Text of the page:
Twenty years ago this month, the president of Rwanda's airplane was shot down. Within hours, or even minutes, of his death, a shadowy group of "Hutu Power" extremists carried out the beginnings of a well-orchestrated plan. Roadblocks were set up around the capital and moderate Hutu leaders were murdered. The radio began rousing people to kill the "cockroaches" - the Hutu extremists' term for Tutsis.
Three months later, close to a million Tutsis were murdered, most with machetes. Half a million women were raped. Horribly, close to a million participated actively in the genocide.
The international community, famously, was either useless or shockingly complicit (French military forces aided the Hutu government). Great stories of heroism have emerged: a hotel manager, memorialized by Hollywood in "Hotel Rwanda," sheltered over a thousand Tutsis. An officer from Senegal, Mbaye Diagne (memorialized, unfortunately, by almost no one) a member of the UN's horribly underfunded peacekeeping force, saved hundreds of lives through trickery and sheer bravery.
While those stories are important and inspiring, it is equally important to tell the story of the leaders involved in the genocide, both heroes and villains.
Paul Kagame (pictured) commanded a rebel army, the RPF, which at the time was stationed in Uganda. It was horribly equipped and without a permanent home. Kagame transformed it into a highly disciplined, highly motivated, highly educated force. His focus on educating his troops was unusual. The army was a paragon of law and order wherever it was stationed.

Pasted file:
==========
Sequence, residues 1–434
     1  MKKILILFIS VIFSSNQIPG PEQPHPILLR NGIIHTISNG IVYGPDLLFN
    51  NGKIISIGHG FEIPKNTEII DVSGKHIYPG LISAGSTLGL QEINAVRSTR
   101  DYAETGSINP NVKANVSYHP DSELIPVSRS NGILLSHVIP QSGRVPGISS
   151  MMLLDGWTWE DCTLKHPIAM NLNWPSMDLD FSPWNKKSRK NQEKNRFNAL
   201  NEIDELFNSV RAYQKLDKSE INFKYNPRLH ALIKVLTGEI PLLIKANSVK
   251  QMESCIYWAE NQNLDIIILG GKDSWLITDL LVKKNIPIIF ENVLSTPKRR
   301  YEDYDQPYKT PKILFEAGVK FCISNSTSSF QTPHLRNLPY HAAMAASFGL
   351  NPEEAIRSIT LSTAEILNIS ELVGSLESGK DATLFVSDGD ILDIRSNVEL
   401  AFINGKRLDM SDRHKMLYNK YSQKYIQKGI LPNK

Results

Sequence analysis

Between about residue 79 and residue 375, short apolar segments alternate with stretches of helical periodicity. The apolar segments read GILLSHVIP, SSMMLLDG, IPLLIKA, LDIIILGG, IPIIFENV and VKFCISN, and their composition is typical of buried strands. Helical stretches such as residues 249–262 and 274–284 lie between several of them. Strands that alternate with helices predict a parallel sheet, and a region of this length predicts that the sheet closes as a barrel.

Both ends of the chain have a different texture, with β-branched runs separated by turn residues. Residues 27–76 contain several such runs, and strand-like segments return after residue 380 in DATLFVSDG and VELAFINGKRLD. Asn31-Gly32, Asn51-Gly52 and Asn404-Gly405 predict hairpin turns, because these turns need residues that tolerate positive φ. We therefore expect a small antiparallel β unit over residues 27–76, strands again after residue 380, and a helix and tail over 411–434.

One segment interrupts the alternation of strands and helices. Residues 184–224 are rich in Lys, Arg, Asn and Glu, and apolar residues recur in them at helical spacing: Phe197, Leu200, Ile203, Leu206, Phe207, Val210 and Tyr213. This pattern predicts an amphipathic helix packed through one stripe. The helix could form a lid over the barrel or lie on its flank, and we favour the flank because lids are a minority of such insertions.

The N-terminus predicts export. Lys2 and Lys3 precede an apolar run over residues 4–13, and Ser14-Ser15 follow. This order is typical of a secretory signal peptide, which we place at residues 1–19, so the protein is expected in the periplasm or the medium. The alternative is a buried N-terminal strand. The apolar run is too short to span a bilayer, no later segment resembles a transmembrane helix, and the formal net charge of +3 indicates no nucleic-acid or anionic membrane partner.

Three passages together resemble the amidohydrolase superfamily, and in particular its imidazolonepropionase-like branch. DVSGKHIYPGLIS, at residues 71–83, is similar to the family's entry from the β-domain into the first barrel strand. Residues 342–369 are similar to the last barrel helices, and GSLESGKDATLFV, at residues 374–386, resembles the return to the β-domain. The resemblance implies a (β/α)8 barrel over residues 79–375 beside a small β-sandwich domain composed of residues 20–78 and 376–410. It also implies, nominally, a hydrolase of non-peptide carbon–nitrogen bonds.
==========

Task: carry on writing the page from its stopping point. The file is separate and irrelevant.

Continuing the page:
His invasion of Rwanda was tactically brilliant. He faced a well-financed military twice the size of his army, (and included a French contingent!) and still won handily. His battles are apparently studied at West Point.
He has made the difficult transition from rebel to ruler: he is currently the President of Rwanda. But his reign has been controversial. Many praise him for helping the economy of "an impossible country" grow to be one of the strongest in Africa. Others fault him for human rights restrictions and for his invasion of the Congo.